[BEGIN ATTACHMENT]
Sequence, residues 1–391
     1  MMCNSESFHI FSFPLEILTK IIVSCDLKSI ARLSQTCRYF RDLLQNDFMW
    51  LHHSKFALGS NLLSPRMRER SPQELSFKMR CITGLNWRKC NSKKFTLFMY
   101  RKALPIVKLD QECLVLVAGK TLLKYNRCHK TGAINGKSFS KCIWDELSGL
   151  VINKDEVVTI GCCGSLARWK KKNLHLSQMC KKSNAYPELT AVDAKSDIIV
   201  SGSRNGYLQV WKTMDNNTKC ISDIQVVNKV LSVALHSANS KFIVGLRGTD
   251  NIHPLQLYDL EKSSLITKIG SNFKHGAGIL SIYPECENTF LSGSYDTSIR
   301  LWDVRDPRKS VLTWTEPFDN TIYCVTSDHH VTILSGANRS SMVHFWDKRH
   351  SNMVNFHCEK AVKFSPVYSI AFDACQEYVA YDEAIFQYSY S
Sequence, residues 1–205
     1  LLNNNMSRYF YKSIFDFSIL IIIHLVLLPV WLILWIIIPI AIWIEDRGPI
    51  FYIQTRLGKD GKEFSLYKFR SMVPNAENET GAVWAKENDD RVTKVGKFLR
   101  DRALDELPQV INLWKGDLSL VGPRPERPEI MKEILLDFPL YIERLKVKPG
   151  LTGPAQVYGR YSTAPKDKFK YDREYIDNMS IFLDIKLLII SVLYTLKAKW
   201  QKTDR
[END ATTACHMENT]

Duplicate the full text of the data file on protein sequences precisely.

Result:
Sequence, residues 1–391
     1  MMCNSESFHI FSFPLEILTK IIVSCDLKSI ARLSQTCRYF RDLLQNDFMW
    51  LHHSKFALGS NLLSPRMRER SPQELSFKMR CITGLNWRKC NSKKFTLFMY
   101  RKALPIVKLD QECLVLVAGK TLLKYNRCHK TGAINGKSFS KCIWDELSGL
   151  VINKDEVVTI GCCGSLARWK KKNLHLSQMC KKSNAYPELT AVDAKSDIIV
   201  SGSRNGYLQV WKTMDNNTKC ISDIQVVNKV LSVALHSANS KFIVGLRGTD
   251  NIHPLQLYDL EKSSLITKIG SNFKHGAGIL SIYPECENTF LSGSYDTSIR
   301  LWDVRDPRKS VLTWTEPFDN TIYCVTSDHH VTILSGANRS SMVHFWDKRH
   351  SNMVNFHCEK AVKFSPVYSI AFDACQEYVA YDEAIFQYSY S
Sequence, residues 1–205
     1  LLNNNMSRYF YKSIFDFSIL IIIHLVLLPV WLILWIIIPI AIWIEDRGPI
    51  FYIQTRLGKD GKEFSLYKFR SMVPNAENET GAVWAKENDD RVTKVGKFLR
   101  DRALDELPQV INLWKGDLSL VGPRPERPEI MKEILLDFPL YIERLKVKPG
   151  LTGPAQVYGR YSTAPKDKFK YDREYIDNMS IFLDIKLLII SVLYTLKAKW
   201  QKTDR